2. Pankaj

      Are those 7 illustrations not helping you to find out how its done ? You can see the procedure and do it yourself !

      1. Pankaj says:


        The 7 examples above has 2 catagories and its sub categories as follows:
        1. Investor who is eligible for exemption
        1. Invested at 0% Tax libility and matures at 0% Tax libility
        2. Invested at 10% Tax libility and matures at 10% Tax libility
        3. Invested at 20% Tax libility and matures at 20% Tax libility
        4. Invested at 30% Tax libility and matures at 30% Tax libility
        2. Investor who is not eligible for exemption
        1. Invested at 0% Tax libility and matures at 10% Tax libility
        2. Invested at 0% Tax libility and matures at 20% Tax libility
        3. Invested at 0% Tax libility and matures at 30% Tax libility

        However, in my question i was expecting answer for:
        1. Investor who is eligible for exemption
        1. Invested at 10% Tax libility and matures at 30% Tax libility

        Since tax treatment may differs at the time of investment and maturity as the lockin period is 5 Yrs, which is good amount of time.
        I have prepared excel sheet to handle this information and found that in case if you want most out of this post tax you should belong to below category.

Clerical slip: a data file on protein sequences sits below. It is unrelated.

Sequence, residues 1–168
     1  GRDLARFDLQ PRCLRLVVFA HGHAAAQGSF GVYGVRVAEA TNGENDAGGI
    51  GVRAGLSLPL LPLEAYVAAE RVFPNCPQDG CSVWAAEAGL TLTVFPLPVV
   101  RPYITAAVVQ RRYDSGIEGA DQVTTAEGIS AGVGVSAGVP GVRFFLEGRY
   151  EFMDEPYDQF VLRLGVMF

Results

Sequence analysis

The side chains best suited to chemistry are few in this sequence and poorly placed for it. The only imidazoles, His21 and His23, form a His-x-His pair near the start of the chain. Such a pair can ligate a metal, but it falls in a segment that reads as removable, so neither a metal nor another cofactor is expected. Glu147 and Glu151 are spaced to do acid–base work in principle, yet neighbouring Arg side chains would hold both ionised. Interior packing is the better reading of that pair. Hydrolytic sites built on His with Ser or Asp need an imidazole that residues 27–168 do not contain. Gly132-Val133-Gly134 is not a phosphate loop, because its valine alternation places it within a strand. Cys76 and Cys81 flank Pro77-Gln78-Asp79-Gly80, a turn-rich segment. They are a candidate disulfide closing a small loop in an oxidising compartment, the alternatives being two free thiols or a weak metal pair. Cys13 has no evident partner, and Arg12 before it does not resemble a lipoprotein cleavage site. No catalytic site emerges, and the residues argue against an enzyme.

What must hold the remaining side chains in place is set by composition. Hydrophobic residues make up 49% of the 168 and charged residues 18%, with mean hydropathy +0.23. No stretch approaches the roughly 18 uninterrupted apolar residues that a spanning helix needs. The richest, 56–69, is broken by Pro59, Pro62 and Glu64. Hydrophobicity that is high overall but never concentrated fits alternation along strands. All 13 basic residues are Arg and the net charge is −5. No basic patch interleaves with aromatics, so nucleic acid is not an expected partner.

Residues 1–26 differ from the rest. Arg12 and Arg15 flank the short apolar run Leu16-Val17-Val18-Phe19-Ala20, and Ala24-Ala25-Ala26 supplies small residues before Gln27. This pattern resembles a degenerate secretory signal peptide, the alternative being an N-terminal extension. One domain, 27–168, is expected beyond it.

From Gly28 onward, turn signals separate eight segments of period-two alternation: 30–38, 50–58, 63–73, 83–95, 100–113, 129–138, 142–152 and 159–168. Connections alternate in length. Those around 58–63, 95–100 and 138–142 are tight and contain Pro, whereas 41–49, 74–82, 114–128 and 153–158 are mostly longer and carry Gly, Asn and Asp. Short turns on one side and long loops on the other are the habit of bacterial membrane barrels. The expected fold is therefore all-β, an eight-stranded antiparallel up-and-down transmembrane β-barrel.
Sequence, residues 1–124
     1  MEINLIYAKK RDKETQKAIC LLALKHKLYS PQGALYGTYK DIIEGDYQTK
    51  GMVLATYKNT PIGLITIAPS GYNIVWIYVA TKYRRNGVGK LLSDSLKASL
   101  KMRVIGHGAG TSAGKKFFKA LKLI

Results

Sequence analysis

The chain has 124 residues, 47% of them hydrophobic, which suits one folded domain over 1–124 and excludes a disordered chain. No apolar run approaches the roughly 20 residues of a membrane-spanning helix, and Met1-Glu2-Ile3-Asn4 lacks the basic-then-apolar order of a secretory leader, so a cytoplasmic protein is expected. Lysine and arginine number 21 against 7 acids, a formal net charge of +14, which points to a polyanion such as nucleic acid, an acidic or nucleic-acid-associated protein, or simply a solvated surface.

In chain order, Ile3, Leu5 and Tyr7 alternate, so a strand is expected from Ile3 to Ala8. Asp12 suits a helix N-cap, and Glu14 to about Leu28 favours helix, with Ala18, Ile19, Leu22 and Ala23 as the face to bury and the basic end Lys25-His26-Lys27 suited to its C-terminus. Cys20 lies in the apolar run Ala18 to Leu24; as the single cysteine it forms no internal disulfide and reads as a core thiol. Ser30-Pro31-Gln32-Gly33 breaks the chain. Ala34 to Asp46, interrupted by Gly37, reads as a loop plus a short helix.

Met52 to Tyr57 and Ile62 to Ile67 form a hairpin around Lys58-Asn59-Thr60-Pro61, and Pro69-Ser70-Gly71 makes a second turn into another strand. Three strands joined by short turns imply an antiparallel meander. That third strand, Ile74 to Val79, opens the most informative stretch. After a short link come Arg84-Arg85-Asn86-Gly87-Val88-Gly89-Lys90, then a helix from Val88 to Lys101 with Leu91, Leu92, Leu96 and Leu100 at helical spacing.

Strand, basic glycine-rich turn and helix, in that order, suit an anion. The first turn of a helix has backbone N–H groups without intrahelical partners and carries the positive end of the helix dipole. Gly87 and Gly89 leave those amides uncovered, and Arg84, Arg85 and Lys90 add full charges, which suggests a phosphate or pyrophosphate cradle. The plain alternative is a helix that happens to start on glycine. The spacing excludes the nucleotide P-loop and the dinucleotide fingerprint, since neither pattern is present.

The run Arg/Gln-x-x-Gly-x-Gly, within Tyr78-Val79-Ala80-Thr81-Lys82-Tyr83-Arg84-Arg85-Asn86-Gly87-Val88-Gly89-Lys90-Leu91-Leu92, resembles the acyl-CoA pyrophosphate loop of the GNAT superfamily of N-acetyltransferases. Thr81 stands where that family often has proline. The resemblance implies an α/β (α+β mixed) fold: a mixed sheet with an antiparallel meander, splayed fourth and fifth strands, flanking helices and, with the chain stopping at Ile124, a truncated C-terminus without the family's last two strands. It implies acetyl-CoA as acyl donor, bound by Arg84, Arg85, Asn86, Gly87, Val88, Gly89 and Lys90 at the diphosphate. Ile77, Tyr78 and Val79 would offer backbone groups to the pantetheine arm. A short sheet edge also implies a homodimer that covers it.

1. Investor who is eligible for exemption
        1. Invested at 30% Tax libility and matures at 30% Tax libility

        Which is a huge diffence and might be banks are showing these figures.
        In case you want, i can share you the sheet.

        I might be wrong in preparing the sheet and you tax expert can provide better idea on the same. Also, declairing interest on yearly basis as posted by Narendra are not considered here.

        1. Pankaj,

          Obviously there are few other scenarios that are not part of the illustration.

          The case you are interested in which is :

          “1. Investor who is eligible for exemption
          1. Invested at 30% Tax libility and matures at 30% Tax liability”

          is already covered under Case 4 I suppose.

          Also, the effective annual yield is highest in this case which also matches your analysis. So I am with you till now.

          The numbers bank is showing has been presented ‘as-is’ as a snapshot at the beginning of the article. Later, I am trying to illustrate how the actual effective annual yield could be different than what bank is showing depending on the tax applicability/liability of the individual.

          I have already posted numbers 8.7%, in case of others and 9.11% in case of Sr Citizens. This is for the case where the investor is at 10% tax bracket when invests first and moves on to 30% tax bracket when the FD matures.

          Again there could be differences in the yield because of the way interest income is recognised – accrual basis or receipt basis. This is individual choice and tax officer may expect consistent behaviour from the filer.